SUMMARY "

[0007] In one aspect, an energy storage apparatus suitable for iiioun ting o a printed: circuit board using a solder reflaw process is disclosed. In some embodiments, the apparatus includes: a sealed housing body (e.g., a lower body with a lid attached thereto) including a- positive. internal- contact and a negative interna!, contact (e.g.,. metallic contact pads) disposed within the body and each respectively in electrical connnraMcation with a positive external contact and a negative external contact. Each of the externa! contacts provide electriealeoniffinnieation to the exterior of the : body and may be disposed on an external surface of the body. An electric double layer capacitor (EDLC) (also referred to herei -as.:- an "nltraca acito ' o "^uperc pacitor"); energy storage cell is disposed within a cavity in th body including, a stack of alternating electrode layers and electricall insulating separator layers. An electrolyte is disposed within the cavit and wets the electrode layers, A positive lead electrically connects a first group of one or more of the elechode layers to the positive internal contact; and a negative lead electrically connects a second group of one o more of the electrode layers to the negati ve internal contact ineindes an energy siprage . media mat is substantially free from binding: agents and consists ; essentially of carbonaceous material I some embodiments, the energy storage medi includes network, of carbon nanotubes defining void spaces; and a carhonaceous material (e ., activated carbon) located in the void spaces and bound by the network of carbon nanotubes, in some embodiment^., at least one electrode layer includes a double-sided electrode layer having energy storage media disposed on opposing surfaces of a conductive curren t collector layer. [0009] la some embodiments, surfaces- of the energy storage-cell in physical contact with body consist of electrically insulating material (e.g., layers separator material, or in some embodiments an insulating envelope baoier disposed atonnd the cell).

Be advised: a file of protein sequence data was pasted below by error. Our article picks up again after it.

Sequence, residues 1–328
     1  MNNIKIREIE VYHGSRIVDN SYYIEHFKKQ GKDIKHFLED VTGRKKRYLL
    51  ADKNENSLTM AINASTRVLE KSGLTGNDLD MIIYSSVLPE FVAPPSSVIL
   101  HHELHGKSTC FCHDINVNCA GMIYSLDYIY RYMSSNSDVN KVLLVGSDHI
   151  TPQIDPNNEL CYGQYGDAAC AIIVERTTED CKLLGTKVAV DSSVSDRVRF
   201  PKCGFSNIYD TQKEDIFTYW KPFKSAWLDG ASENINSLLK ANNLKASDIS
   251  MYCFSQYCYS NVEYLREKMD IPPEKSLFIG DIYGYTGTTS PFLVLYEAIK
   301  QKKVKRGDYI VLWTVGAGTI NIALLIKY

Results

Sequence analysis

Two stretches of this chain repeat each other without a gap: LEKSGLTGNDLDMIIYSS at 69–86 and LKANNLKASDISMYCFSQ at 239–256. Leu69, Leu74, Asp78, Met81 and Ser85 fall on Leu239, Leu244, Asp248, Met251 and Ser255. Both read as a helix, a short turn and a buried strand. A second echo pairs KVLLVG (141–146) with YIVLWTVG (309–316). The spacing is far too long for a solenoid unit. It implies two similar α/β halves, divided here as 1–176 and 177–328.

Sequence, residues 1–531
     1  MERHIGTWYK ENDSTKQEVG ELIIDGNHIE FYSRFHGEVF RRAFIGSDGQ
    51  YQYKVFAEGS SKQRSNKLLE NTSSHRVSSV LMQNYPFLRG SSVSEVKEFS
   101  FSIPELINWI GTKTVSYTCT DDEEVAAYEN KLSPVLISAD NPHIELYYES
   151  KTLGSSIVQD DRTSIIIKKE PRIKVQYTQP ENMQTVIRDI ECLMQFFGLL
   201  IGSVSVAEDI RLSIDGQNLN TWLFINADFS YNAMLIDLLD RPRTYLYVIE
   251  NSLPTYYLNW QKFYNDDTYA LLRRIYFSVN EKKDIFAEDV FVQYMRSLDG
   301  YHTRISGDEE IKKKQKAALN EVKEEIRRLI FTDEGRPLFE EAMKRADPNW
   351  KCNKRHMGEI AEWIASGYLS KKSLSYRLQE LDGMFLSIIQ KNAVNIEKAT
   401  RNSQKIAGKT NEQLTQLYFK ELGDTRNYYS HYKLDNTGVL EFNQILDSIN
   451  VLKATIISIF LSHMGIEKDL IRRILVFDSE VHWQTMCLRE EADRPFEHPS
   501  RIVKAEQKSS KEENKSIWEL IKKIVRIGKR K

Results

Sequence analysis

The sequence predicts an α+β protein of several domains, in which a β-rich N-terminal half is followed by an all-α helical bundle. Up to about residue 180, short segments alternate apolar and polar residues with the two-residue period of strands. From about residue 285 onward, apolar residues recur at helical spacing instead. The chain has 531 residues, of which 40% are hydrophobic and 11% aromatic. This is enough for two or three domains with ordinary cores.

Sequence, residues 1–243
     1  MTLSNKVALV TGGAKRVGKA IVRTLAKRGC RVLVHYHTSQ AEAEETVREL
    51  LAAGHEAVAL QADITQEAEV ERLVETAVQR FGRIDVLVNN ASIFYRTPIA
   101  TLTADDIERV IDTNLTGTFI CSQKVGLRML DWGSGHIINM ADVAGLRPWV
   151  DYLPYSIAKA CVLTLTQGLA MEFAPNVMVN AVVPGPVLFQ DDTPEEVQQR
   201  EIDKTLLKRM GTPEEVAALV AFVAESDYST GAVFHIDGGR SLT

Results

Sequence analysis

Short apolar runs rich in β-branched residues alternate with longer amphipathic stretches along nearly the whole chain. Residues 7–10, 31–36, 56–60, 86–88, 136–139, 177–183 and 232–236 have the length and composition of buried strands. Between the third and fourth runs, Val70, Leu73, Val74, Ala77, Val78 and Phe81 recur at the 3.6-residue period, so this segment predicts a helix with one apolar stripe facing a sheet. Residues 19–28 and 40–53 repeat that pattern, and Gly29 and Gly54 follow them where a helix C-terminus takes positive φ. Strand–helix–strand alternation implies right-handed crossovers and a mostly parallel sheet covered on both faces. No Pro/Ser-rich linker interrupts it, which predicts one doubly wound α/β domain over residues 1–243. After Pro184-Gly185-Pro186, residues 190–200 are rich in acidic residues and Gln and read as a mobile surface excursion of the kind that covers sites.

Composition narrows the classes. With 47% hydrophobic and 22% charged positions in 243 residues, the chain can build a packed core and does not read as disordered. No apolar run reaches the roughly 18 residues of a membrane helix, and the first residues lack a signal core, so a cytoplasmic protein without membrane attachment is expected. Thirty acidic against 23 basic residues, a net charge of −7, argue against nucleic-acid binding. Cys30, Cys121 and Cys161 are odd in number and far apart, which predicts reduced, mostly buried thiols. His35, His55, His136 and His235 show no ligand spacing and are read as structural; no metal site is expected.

[0010] In some embodiments;, each of the electrode layers includes a conductive tab attached to either one -of the positive lead and the negative lead. For example, a group of positive electrodes ma include tabs connected to the positive lead, e.g., using ultmsonic welding or other suitable techniques (and similarly for the negative case) .

[0011] In various embodiments, it may be desirable to prevent corrosio and other related deleterious, effects by isolating: eiectrocheniically active portions of the apparatus that may otherwise come in contact with the electrolyie during operation. Accordingly;, some embodiments include: one or mo e corrosion p evention features, cg^ a feature located proximal to one of the internal contacts: and configured to limit electrochemical reaction between said internal contact and. the electrolyte during operation. In some embodiments, the internal contact includes a fir t material having a relatively high electrochemical activity: with the electrolyte and the corrosion prevention feature; includes a protective layer of a second material having a relatively lower electrochemical activity with the electrolyte than the; f t «?&te.ria!, : s¾td.|H! teed e layer disposed to prevent contact between the first material and the electrolyte, in some embodiments, the protective layer Include a layer of sealant, e.g., of the types described herein. In some embodiments, the protective layer, includes a metallic layer disposed on a surface of the first material. In some embodiments, the rotective layer includes a metallic layer disposed on. a suriaee of the first material and a sealan t layer disposed on the metallic l ayer, in some embodiments., the metallic layer includes a metallic shim secured or partiall secured (e.g., to the internal contact) by the sealan layer, In some embodiments, an interior suriaee of the body includes recessed portion configured to receive at least a portion of the corrosion prevention feature. In some embodiments, a portion of the positive or fiegaiiye lead extends through the corrosion, prevention feature to connect to one of the internal c n act, in some embodiments, the corrosion prevention feature includes a aluminum, metallic layer. In some. embodiments, the corrosion prevention: feature inel udes an . epox sealant. [0012] Some embodiments include an electrically insulating envelope barrier enclosing the energy storage cell and the electrolyte, eoallgtsred to prevent contact of the electrolyte and energy storage cell with the surfaces of the cavity. Irs some . embodiments* the leads extetvd through, the barrier from the energy storage cell to the internal contacts. In some embodiments, the barrier is heat sealed to die leads to prevent leakage of electrolyte from within the barrier envelope.